In 2020, with garden trips and tours and meetings cancelled left and right due to you-know-what, Canada’s Garden Days, June 13 to 21, is all about GLU (Gardeners Like Us). It’s about how garden-variety GLUs find pleasure and activity and peace of mind, even with the usual garden frustrations, in the garden.
I’ve learned a lot about gardening from my neighbours – just from walking past their gardens. A garden tells you who has a passion (sometimes, an obsession) about growing things. It also tells you who is just starting out and is proud of their successes. And, in this post, those who are about to garden salute you all!
Walking through the city, I’m often stopped in my tracks by the creative things people do with woody plants, clippers, patience and time. Studying them in person (okay, staring nosily!) then following up with research has been an independent-study course in horticulture that will probably last a lifetime.
Woody plants are the largest, longest-lasting, and often most expensive perennials in our gardens. Our neighbours might have space for things we don’t have room for, so a stop can be a small moment of admiration. On the other hand, they often have the same growing conditions we do. And that might suggest something we can grow that we hadn’t thought of or didn’t know about.
We don’t have to travel far to experience a garden tour. Our own neighbourhood streets can be like an arbortetum, if we give them a chance. Mouse over any thumbnails (or uncaptioned images) to see the captions, then click any image for the larger view.
In nearby gardens, without leaving the sidewalk, I’ve discovered some rare beauties you don’t often see, like the shrubs below. If the gardener is on their porch or in their garden, I talk to them about what they’re growing. Even when they’re not housebound, gardeners are happy to share information – and sometimes even a cutting. And if they aren’t around, then it’s another excuse to find out something new. Such as the fact that the yellow Scotch broom below (this one’s a hybrid, possibly ‘Moonlight’) might be borderline hardy here in Toronto, but is an invasive plant in warmer climates. These things are good to know.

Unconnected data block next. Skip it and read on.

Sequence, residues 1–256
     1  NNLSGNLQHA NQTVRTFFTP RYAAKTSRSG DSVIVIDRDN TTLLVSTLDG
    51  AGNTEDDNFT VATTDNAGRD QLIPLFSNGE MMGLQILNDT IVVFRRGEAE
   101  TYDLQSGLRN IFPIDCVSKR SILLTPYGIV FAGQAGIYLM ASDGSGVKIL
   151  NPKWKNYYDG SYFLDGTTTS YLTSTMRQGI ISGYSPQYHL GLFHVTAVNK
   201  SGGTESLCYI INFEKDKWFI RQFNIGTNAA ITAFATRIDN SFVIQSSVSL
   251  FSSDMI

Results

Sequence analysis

When we were first encouraged out onto the streets for fresh air and exercise, seeing what was emerging in OPGs (Other People’s Gardens) filled me with elation. Really, there’s no better word for it. It was like being freed from prison and stepping, like Dorothy Gale in the Wizard of Oz, into a world of colour and light. I still get exercised when I exercise by what’s blooming just over there, and there, and there.
A short walk always seems to add something to my wish list. Like: I wish I’d planted more alliums. Or: I wish I had a grand estate with room for a whole allée of saucer magnolias (Magnolia x soulangiana). Some wish-list items are easier than others to grant.
It’s endlessly interesting to see how people express themselves through their gardens. When it comes to gardens, I’m not judgey – unless it’s my own garden (all I see are the flaws), or the misguided ways misguided people treat trees, or when I growl at invasive pests like dog-strangling vine. Instead, I’m more of a fangirl.
Tastes differ. That’s okay! People are at different levels of learning – but there’s always, always something new to learn. Even the best gardeners make bad mistakes. Even the least-experienced gardeners do wonderful, inspiring things. And the best school of horticulture might be right next door.
To all you gardeners out there, thank you for all the things you do and keep doing. I’m a fan.